Selected Case Filings

Calvin Bryant Petition for Sentencing Relief


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Eugenics is Illegal

By Daniel A. Horwitz

On Wednesday evening, News Channel 5 broke the unspeakable outrage that a judge in White County, Tennessee, had signed a standing order providing for a 30-day “reduction” in jailtime if an inmate submits to sterilization.  According to the report, 70 inmates have already accepted this “eugenics discount” in exchange for early release.  Somehow, each aspect of the story is even more shocking than the next.

To begin, General Sessions Judge Sam Benningfield—the mastermind behind White County’s backdoor eugenics program—defended his efforts without any apparent sense of shame, telling Channel 5’s Chris Conte that: “I hope to encourage [inmates] to take personal responsibility and give them a chance, when they do get out, to not to [sic] be burdened with children.”

Even worse, Judge Benningfield’s standing eugenics order has apparently been on file since May 15, 2017—meaning that an untold number of lawyers, judges, doctors, and law enforcement personnel have either acquiesced to it or simply turned a blind eye in the face of a policy that the Rome Statute of the International Criminal Court designates as a crime against humanity.

To be absolutely and unequivocally clear: eugenics is illegal.  In America, reproductive freedom is a fundamental constitutional right, and the equal protection clause of the United States Constitution forbids the government from treating people differently based on whether or not they choose to exercise their right to reproductive freedom.  Tennessee’s criminal code also contains several specifically-designated mitigating factors and enhancement factors that judges are permitted to consider during sentencing.  Whether a defendant has submitted to sterilization is not among them.

The framing of Judge Benningfield’s eugenics program as a “voluntary sentencing reduction” is also deeply troubling.  It is not.  Simply stated: In White County, Tennessee, any inmate who refuses to be sterilized is punished with an additional 30 days in jail.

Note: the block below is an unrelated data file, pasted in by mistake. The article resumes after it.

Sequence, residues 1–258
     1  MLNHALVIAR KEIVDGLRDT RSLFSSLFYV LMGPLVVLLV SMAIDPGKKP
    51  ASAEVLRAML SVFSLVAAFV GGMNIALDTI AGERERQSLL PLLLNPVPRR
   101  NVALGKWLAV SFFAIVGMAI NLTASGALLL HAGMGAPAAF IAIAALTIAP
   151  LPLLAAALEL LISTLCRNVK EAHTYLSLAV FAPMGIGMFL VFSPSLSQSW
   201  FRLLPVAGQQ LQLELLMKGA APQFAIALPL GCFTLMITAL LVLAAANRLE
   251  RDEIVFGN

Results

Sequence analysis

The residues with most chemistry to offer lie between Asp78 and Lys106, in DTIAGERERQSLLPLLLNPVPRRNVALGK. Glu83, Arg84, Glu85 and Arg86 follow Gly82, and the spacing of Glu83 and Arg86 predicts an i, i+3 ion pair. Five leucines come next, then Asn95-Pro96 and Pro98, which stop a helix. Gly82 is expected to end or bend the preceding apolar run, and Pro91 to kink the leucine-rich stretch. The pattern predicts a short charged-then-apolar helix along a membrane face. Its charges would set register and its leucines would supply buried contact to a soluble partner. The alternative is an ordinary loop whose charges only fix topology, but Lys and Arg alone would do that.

Such a program is profoundly coercive—especially for defendants convicted of minor crimes who may avoid jail time entirely if they submit to sterilization.  Anyone familiar with the criminal justice system knows that this length of time is sufficient to send a person’s life into disarray, because an extra month in prison can and frequently does result in job loss, loss of one’s home, or loss of one’s children.  Of note, under Tennessee law, everyone is also at risk of being imprisoned for 30 days at any time for even the slightest traffic infraction based on law enforcement’s discretion.

In addition to its rank illegality and immorality, it goes without saying that using the coercive power of the state to promote sterilization also has severe potential for abuse.  As a historical matter, eugenics programs always target disfavored minorities—from Jews in Nazi Germany to black men in Tuskegee, Alabama.  Firmly in keeping with this tradition, Judge Benningfield’s eugenics program is reserved for White County inmates and apparently targets those suffering from drug addiction.  In this regard, it is no less disgusting.

Judge Benningfield’s eugenics program is an outrage.  He need not serve on the bench any longer, and he need not keep his law degree any longer.  Infuriatingly, this also is not the first time that an officer of the Court who has been charged with upholding the law has implemented a (very recent) sterilization program in Tennessee—a fact that is similarly unconscionable in its own right.  If Tennessee’s administrators of the practice of law took a fraction of the effort that they’ve expended trying to prevent qualified immigrants from taking the bar exam and redirected it toward removing people like Judge Benningfield from the profession, perhaps further abuses like this would be avoided.

Compounding the outrage is that nobody has yet filed suit over Judge Benningfield’s eugenics program during the two months that it has been in effect.  Whether initiated by the ACLU, a public defender, or a private defense attorney, such a lawsuit needed to be filed yesterday.  If you or a client of yours is affected by White County’s eugenics program and you want assistance pursuing the case, please feel free to contact me at  I will gladly take the case pro bono and donate the proceeds to the Holocaust Museum and the Tuskegee History Center.  A program like this violates what the United States Supreme Court has declared to be “one of the basic civil rights of man,” and nobody—least of all the Bar—should tolerate it.

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It’s all fun and games until someone gets arrested: Predators fan charged for catfish toss

By Daniel Horwitz:

In an absolutely outrageous abuse of law enforcement authority, Pittsburgh police are celebrating the fact that they have just filed criminal charges against a Nashville Predators fan for tossing a catfish onto the ice during game one of the Stanley Cup finals.  Until the inevitable change of course—when law enforcement claims that this was all just an innocent misunderstanding that was really meant to be a joke—the culprit faces criminal prosecution for: (1) possessing instruments of crime (specifically: a catfish); (2) disorderly conduct (catfish throwing); and (3) disrupting meetings and processions (of a hockey game, for Chrissake, where throwing hats on the ice is, on appropriate occasions, part of the Fans’ Code of Conduct).